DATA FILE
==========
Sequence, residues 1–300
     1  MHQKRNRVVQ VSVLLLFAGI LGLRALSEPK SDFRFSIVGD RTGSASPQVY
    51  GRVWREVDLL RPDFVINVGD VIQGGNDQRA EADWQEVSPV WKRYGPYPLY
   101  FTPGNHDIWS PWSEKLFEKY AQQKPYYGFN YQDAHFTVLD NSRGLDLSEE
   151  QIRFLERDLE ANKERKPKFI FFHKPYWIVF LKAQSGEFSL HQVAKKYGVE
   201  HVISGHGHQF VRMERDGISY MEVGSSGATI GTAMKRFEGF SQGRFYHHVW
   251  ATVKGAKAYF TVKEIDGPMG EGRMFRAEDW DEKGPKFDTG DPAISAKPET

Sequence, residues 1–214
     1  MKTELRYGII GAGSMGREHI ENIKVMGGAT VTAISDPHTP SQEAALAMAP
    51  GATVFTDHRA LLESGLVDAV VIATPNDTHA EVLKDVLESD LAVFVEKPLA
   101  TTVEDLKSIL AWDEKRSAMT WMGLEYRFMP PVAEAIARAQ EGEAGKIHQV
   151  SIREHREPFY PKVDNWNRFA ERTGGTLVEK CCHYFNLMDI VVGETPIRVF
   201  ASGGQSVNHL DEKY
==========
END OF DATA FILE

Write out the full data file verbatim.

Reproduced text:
Sequence, residues 1–300
     1  MHQKRNRVVQ VSVLLLFAGI LGLRALSEPK SDFRFSIVGD RTGSASPQVY
    51  GRVWREVDLL RPDFVINVGD VIQGGNDQRA EADWQEVSPV WKRYGPYPLY
   101  FTPGNHDIWS PWSEKLFEKY AQQKPYYGFN YQDAHFTVLD NSRGLDLSEE
   151  QIRFLERDLE ANKERKPKFI FFHKPYWIVF LKAQSGEFSL HQVAKKYGVE
   201  HVISGHGHQF VRMERDGISY MEVGSSGATI GTAMKRFEGF SQGRFYHHVW
   251  ATVKGAKAYF TVKEIDGPMG EGRMFRAEDW DEKGPKFDTG DPAISAKPET

Sequence, residues 1–214
     1  MKTELRYGII GAGSMGREHI ENIKVMGGAT VTAISDPHTP SQEAALAMAP
    51  GATVFTDHRA LLESGLVDAV VIATPNDTHA EVLKDVLESD LAVFVEKPLA
   101  TTVEDLKSIL AWDEKRSAMT WMGLEYRFMP PVAEAIARAQ EGEAGKIHQV
   151  SIREHREPFY PKVDNWNRFA ERTGGTLVEK CCHYFNLMDI VVGETPIRVF
   201  ASGGQSVNHL DEKY